This method of tea ceremony is called Wudang Dao Cha 武当道茶 [wǔ dāng dào chá].
The Daoist Tea Ceremony will take 40 minutes. We are going to introduce and taste 3 Wudang mountain teas, which you can choose from our samples box…
All Teas are from our own tea farm in Wudang Shan/China, with pure high-mountain fragrances.
Dicover the mystery of Wudang Wild Tea
Tasting tea and learning the daoist theory and philosophy.
We recommend to also purchase this Matching tea samples box
After booking the course we will contact you for setting a date.
Chinese family has a tradition of serve tea to guests, regarding to the Daoist Scriptures, this tradition is from Daoism. In the Spring and Autumn period, when Laozi (Lao-tzu) left Hangu strategic pass, he asked the pass guard Yin Xi to welcome him at home and could serve him tea firstly “首献茗”, Laozi said, people who appreciate tea after eating, you are all on the same way, they should be all disciples of Daoism “食是茶者，皆汝之道徒也”. Laozi was the first person who treated tea as the daoists’ hospitality and brought tea into daoist and Chinese traditional rites. Laozi left “Dao De 5000 Words” to Yin Xi, then Yin Xi lived in seclusion and cultivated himself with the 5000 words, he sorted all words out into the book, what we know as <Dao De Jing (Tao Te Ching)>. Read More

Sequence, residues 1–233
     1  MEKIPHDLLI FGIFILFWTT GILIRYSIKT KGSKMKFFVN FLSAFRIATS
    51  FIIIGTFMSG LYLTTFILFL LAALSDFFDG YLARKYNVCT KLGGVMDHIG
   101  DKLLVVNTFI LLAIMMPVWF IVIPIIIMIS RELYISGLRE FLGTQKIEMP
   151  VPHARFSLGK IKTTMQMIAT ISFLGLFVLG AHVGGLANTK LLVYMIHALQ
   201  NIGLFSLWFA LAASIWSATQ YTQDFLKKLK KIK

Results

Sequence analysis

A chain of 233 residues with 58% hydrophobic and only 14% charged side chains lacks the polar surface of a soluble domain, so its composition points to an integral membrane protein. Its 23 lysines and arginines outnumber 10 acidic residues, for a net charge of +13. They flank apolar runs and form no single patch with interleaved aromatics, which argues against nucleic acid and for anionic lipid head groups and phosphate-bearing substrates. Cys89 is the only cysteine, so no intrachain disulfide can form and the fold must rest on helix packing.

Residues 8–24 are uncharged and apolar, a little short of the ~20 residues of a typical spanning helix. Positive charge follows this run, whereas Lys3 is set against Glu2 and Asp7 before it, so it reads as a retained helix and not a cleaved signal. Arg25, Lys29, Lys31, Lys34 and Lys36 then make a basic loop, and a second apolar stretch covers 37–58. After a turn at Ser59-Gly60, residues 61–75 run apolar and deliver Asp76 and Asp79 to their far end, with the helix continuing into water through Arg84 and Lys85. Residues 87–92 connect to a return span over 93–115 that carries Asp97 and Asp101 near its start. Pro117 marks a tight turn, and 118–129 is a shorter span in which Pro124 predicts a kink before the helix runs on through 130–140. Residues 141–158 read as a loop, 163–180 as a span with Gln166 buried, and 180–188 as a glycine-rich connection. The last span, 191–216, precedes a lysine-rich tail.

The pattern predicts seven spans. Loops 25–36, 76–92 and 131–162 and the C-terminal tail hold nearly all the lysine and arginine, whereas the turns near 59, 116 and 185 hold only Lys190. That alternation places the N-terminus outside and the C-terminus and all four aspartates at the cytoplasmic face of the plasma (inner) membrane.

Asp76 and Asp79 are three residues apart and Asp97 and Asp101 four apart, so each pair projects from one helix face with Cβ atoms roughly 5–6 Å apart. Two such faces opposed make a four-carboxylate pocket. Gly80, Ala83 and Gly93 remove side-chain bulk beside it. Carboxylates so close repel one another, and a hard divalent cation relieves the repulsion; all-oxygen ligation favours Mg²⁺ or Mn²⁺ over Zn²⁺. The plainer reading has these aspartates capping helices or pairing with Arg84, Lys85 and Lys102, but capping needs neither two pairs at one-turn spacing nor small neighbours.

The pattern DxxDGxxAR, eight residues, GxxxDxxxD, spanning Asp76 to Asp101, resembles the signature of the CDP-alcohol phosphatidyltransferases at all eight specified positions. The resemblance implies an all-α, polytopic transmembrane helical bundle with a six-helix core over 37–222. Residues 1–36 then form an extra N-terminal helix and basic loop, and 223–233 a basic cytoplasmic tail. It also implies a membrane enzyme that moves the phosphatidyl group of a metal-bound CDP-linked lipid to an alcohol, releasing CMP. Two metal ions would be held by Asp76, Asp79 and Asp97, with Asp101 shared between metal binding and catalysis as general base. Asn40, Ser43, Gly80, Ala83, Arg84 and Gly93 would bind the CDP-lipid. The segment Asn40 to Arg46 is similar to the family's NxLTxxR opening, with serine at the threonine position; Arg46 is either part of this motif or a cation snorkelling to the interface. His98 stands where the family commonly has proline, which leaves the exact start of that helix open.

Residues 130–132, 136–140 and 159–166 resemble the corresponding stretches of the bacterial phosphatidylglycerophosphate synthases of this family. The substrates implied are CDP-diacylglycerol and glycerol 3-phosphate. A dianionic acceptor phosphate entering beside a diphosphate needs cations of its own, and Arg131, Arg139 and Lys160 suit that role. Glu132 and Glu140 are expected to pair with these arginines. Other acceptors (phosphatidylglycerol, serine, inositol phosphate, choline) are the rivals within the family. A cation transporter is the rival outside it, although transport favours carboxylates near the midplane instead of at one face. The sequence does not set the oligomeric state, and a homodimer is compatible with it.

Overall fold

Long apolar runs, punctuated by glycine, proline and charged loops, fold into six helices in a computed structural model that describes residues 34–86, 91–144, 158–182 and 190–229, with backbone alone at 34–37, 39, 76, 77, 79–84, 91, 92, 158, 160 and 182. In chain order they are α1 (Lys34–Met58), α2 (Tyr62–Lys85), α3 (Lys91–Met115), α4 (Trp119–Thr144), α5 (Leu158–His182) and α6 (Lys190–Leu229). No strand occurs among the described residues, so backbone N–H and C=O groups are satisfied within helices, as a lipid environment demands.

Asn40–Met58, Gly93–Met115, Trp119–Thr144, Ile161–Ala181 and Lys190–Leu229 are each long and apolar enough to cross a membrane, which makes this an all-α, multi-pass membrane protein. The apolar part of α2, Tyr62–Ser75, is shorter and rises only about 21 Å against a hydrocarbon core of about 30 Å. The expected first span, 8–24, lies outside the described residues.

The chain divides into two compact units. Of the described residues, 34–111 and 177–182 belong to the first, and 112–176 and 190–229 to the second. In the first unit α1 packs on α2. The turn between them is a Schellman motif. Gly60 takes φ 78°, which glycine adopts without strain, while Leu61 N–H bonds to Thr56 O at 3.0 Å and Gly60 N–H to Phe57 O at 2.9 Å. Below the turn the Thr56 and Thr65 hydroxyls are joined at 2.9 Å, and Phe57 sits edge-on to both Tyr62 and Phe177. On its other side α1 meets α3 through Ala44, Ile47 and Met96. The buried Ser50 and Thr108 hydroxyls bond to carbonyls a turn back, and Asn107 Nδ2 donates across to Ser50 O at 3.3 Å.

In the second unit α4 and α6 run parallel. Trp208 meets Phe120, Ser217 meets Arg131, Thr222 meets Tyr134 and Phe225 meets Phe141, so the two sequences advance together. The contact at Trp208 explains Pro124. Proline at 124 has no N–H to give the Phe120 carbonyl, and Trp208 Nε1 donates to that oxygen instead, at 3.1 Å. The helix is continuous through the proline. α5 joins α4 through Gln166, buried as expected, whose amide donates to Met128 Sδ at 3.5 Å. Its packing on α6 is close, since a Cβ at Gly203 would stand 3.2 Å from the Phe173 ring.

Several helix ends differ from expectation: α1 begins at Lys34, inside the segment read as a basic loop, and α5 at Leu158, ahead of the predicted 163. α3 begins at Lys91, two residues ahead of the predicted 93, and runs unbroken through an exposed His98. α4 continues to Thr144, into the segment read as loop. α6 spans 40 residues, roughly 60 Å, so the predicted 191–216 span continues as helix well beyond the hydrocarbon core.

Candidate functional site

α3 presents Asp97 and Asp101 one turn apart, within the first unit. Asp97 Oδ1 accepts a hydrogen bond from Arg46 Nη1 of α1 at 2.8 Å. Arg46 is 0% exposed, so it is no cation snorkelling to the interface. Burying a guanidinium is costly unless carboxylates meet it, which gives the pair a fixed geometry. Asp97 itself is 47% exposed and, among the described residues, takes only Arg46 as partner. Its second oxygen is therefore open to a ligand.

Wudang Mountian is in Hubei Province, which has a long history of producing good tea: in the <History of Song Dynasty 宋史> recorded that in the Song Dynasty, Wudang Daoist Chen Tuan was fond of drinking tea Read More. and in the Yuan Dynasty documents, Wudang daoists planted and produced tea by themselves. Wudang Qian Lin 骞林 tea had been paid tribute to the Ming Dynasty’s imperial court for 200 years, and in the <Collected Taoist Scriptures 道藏> , a picture called “Qian Lin Ying Xiang Tu骞林应祥图” described the grand occasion of harvesting, producing and paying tribute Qian Lin tea. the Qing Dynasty poems records that Wudang daoists brewed tea to receive guests.
In the <Ming Dynasty Xiang Mansion Tea Nunnery Inscription Record大明襄府茶庵碑记>, since in the Ming Dynasty it prevailed that, people from the whole nation went on pilgrimages to offer incense on the Wudang Mountain, these believers needed to climb up mountains to reach the golden peak, King Xiang decided to build a tea nunnery in order to serve these believers tea water. This stela now is kept in the Wudang Museum. <Zhou Mansion Tea Nunnery 周府茶庵> of <Wudang Travel Notes Twenty-four Pictures武当纪游二十四图> was painted by Zhou Kai (Qing Dynasty) and followed by three poems, he stopped for a rest there and drank tea with a young daoist Ye Wenmei, they both were interested in drinking tea and writing poems. After his first visit, Zhou Kai revisited the nunnery another two times. This painting describes the Zhou masion tea nunnery that built by Ming Dynasty King Zhou on the ancient Wudang pilgrimage road.